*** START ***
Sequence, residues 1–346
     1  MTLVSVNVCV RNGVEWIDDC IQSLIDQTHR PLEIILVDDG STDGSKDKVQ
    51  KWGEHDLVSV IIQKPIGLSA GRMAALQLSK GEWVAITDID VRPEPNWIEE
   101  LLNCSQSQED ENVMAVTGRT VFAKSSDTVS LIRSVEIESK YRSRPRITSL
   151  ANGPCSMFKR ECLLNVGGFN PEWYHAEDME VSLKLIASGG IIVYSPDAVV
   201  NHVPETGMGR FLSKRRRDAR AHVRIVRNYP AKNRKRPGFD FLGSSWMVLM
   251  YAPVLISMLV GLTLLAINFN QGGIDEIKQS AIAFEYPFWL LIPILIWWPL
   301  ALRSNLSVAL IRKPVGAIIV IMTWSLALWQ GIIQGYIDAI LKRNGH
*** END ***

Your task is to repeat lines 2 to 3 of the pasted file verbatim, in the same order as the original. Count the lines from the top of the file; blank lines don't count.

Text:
     1  MTLVSVNVCV RNGVEWIDDC IQSLIDQTHR PLEIILVDDG STDGSKDKVQ
    51  KWGEHDLVSV IIQKPIGLSA GRMAALQLSK GEWVAITDID VRPEPNWIEE